Are you someone who sees things as either black or white? Perhaps you believe you are who you are and things can rarely be changed.
You prefer the tried and tested rather than an unknown - familiarity trumps uncertainty every time. If this is you, you have what psychologists call a fixed mindset.
Or do you believe that different experiences and challenges teach you newer skills and there is always room to improve? If you fail, so what? You will still grow in some way. If you fall into this category, you have a growth mindset.
"A fixed mindset is when people believe their basic qualities, their intelligence, their talents, their abilities, are fixed traits. They have a certain amount, and that's that," says Professor Carol Dweck, a Stanford University psychologist and author of Mindset: The New Psychology of Success.
"But other people have a growth mindset. They believe even basic talents and abilities can be developed through experience and mentorship. And these are the people who go for it. They're not always worried about how smart they are, how they'll look, what a mistake will mean. They challenge themselves and grow."
How to develop a growth mindset
Have a reality check:
"Think about your life now - treat this as like taking your car in for a service," says Churches.
"What is feeling good for you and what isn't? What would you like to do differently? Choose one thing you think will make the biggest difference to your life right now and work on that first. It's useful to meditate when you think this through. Remove yourself from your environment as much as possible and come into your inner mind, that intimate internal place. Sit quietly with your thoughts and contemplate what things look like in your life."
Have a vision:
"Ultimately, you want to change things to make things better, to learn something new, to develop a new aspect of yourself. Visualise what that change will look like. What would look different? How will you feel when that change happens? Think about situations and how you would manage them differently with a growth mindset. So if you go to work tomorrow and are at a meeting and someone says x, how will you respond differently if you are in a growth mindset?" says Churches.
Become aware of thoughts and actions that are part of a fixed mindset. What limitations are you placing on yourself and for what reason? Think about situations where you may have wanted to do something new but an inner voice stopped you. How have you put limitations on your thinking and actions?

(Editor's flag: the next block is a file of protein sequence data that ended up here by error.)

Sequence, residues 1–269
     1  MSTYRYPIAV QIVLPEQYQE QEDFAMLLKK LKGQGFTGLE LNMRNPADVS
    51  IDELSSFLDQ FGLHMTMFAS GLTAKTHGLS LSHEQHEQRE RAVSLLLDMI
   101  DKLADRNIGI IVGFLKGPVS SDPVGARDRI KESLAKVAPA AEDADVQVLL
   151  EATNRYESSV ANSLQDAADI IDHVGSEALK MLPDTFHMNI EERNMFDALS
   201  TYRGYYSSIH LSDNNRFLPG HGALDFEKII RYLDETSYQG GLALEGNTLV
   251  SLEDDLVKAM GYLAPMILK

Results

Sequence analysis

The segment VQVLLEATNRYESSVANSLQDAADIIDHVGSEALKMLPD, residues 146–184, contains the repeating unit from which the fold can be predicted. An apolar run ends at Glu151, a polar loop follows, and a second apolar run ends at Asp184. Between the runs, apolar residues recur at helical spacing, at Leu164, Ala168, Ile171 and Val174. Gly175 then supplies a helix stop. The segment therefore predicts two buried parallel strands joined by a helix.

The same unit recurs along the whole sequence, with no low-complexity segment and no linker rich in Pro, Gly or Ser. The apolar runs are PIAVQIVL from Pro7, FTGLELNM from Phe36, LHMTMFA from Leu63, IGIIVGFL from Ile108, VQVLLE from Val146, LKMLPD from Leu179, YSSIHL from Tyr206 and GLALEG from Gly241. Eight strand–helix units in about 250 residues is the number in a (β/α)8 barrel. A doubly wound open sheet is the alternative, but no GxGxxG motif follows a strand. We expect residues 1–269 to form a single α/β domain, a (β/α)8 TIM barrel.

"You can change your mindset. Scans have shown that when we change our thinking new neural pathways are created in our brain," says Churches.
"Identify your personal myth - the story you live by that colours your perceptions about yourself and what is possible."
Moving to a growth mindset takes courage because it takes you out of the safe bubble you've lived in until now. Prepare for some discomfort as you think in new ways and do things you've been too afraid to try."It's uncomfortable and because it's uncomfortable at first, that's when you can slip back into your fixed mindset way. The inner voice says it's not worth it," warns Churches.
"But persist. Start to think differently, act differently, speak differently and respond to people differently.
"Accept the discomfort and commit to repetition, and the more you repeat what you are doing and thinking and how you now behave, you will notice a transformation and benefits. Take a minute in the morning and before you go to sleep to remind yourself what you are committing yourself to. Tell yourself, 'Today I'm going to be more open and to look for ways I can grow'. At night, look back over the day and ask yourself how you went, identify the moments you made a little bit of progress and get up and do the same thing the next day and the next."
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